In NYC, buildings account for 2/3 of greenhouse gas emissions. Just 2 percent of buildings—the largest—are responsible for 30% of emissions.
“most ambitious climate change legislation enacted by any city in the world”
The city is tackling climate change through the Climate Mobilization Act. The centerpiece is Local Law 97 of 2019, described as the “most ambitious climate change legislation enacted by any city in the world.”
This law will set increasingly stringent limits on greenhouse gas emissions for large buildings in 2024 and 2030, with fines for not complying. It affects more than 60,000 buildings, with notable exemptions, including affordable housing.
A week after the law was passed, members of the C40 Cities Climate Leadership Group had already begun discussing how to follow New York’s lead.
Urban Green Council told CityLab, “Our point all along has been that if we’re going to spend the billions of dollars, let’s make sure we come up with policies that are exportable.”
Given the importance of this law, it’s worth unpacking what obstacles might hinder its success. The main criticism is that too many buildings are exempt, placing unfair pressure on those that must comply. Aside from the usual suspects, such as hospitals, places of worship, and energy plants, buildings with any rent-regulated units—even just one—are exempt.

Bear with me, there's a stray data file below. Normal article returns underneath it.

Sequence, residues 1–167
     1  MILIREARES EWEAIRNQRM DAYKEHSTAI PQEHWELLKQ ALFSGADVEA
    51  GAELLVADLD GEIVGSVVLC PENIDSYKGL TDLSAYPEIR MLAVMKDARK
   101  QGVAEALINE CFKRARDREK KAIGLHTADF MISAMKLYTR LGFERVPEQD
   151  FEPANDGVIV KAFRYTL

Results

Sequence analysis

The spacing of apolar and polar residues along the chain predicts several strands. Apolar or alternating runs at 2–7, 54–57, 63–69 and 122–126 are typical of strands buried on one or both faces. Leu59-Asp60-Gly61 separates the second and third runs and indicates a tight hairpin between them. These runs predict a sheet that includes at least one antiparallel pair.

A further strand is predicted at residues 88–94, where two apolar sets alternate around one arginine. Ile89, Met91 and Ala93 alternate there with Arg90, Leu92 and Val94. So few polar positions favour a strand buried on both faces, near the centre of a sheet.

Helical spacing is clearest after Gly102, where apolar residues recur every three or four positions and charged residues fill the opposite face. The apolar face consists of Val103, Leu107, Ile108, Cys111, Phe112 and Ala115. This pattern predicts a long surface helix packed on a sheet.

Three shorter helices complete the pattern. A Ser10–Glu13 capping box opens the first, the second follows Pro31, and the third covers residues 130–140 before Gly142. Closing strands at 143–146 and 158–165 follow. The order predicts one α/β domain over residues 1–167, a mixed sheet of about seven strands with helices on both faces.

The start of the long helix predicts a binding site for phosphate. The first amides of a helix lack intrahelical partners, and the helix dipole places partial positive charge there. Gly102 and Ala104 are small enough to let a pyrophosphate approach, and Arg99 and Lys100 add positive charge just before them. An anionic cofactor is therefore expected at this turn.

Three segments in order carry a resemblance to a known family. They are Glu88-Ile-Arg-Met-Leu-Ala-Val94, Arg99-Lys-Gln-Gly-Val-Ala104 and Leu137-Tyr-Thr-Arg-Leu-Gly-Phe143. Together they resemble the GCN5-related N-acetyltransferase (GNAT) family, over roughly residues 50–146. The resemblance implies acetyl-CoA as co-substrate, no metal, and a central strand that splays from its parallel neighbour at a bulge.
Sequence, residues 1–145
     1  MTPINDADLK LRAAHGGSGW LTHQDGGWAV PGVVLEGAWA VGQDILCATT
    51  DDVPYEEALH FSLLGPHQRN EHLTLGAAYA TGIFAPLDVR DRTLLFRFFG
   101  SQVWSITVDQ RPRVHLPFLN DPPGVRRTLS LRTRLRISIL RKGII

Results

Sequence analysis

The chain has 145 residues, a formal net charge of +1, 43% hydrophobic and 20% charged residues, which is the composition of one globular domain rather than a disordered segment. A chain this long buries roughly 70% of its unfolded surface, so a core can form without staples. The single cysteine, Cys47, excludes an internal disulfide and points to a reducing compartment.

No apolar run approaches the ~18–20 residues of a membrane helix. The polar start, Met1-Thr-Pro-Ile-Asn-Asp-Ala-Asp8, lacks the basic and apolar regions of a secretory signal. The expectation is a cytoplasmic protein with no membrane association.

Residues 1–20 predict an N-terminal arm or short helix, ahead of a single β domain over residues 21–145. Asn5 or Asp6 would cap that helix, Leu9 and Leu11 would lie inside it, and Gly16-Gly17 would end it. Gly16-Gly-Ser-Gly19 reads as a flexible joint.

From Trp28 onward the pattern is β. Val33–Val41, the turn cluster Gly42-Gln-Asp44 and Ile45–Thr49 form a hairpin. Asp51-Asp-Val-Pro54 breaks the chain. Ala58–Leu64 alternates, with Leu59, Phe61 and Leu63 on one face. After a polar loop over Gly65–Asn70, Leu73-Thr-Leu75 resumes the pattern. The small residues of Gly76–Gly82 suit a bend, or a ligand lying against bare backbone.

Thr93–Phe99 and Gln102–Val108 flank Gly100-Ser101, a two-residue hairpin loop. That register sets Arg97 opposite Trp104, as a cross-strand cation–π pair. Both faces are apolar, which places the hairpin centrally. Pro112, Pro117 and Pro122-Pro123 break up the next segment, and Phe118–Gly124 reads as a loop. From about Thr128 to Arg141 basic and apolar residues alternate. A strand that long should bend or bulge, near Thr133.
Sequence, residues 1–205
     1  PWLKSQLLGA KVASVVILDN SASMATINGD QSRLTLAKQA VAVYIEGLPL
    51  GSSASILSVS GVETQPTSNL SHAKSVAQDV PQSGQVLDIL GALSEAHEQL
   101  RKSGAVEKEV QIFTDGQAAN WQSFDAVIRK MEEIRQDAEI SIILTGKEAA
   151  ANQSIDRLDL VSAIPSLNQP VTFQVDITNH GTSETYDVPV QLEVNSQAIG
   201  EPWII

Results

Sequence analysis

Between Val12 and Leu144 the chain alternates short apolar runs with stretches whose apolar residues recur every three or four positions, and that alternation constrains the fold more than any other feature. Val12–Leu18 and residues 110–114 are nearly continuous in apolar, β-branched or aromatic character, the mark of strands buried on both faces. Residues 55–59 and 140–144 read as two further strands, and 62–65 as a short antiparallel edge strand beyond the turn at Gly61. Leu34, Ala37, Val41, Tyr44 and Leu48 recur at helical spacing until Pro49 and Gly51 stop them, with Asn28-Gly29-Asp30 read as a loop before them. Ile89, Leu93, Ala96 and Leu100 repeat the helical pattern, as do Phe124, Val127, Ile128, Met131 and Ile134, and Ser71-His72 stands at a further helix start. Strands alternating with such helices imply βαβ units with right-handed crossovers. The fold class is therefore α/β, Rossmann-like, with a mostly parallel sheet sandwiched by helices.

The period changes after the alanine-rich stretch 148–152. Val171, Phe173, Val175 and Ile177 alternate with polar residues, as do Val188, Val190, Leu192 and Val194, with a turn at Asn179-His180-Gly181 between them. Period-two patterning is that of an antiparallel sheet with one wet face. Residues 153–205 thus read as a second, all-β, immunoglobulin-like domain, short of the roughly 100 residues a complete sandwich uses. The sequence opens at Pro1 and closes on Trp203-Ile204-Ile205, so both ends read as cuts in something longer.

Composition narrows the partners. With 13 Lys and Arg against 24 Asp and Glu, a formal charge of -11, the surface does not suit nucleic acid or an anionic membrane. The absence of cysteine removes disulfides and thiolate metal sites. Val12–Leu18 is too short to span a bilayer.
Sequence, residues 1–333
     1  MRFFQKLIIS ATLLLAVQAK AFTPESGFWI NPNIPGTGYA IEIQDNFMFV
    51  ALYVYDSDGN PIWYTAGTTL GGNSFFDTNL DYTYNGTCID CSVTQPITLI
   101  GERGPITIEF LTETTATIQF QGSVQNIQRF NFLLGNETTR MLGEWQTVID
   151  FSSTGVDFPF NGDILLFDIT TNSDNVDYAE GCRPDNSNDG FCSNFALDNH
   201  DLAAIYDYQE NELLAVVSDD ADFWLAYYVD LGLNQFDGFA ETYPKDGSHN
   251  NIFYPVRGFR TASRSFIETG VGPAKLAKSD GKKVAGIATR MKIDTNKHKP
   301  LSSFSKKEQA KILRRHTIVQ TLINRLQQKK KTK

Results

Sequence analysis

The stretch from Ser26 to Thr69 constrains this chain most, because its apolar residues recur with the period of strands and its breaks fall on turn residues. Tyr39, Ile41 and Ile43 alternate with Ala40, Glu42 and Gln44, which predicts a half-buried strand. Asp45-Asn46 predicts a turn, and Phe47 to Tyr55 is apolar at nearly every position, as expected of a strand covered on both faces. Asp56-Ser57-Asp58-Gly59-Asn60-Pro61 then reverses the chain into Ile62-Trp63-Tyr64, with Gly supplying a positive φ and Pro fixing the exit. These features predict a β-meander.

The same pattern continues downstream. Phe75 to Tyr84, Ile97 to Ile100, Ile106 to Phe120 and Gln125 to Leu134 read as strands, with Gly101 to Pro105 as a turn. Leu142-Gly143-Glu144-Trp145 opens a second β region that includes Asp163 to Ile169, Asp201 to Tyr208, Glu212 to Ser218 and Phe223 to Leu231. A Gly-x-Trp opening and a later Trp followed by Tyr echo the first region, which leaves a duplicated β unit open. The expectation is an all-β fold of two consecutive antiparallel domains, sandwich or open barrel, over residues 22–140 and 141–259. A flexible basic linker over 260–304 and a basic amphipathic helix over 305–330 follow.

This means that 40% of residential units don’t reap the benefits or bear the burdens of required energy efficiency upgrades. Who exactly is this impacting?
Though buildings over 25,000 square feet make up just a small percentage of total buildings, the reality is they are everywhere in the city.
Several categories of buildings are exempt from Local Law 97, including (but not limited to) hospitals, places of worship, public housing, and rent-regulated accommodations.
While Local Law 97 is a critical, necessary law, it’s also a law that puts NYC’s most vulnerable populations at risk. It appears Local Law 97’s costs, like many other aspects of climate change, will be disproportionately placed upon New York City’s poorest and most burdened populations.
Recognizing this, it is imperative that the city takes steps to secure an equitable outcome for Local Law 97. This may mean additional steps, or even laws, that guarantee the costs of the required energy improvements are not pushed onto tenants.
Additionally, community engagement and renovation oversight agencies may also prove necessary. Community engagement, because it is critical that these communities know their rights going into this process. Oversight agencies, because no process is perfect, and it is essential that a means for recourse is established.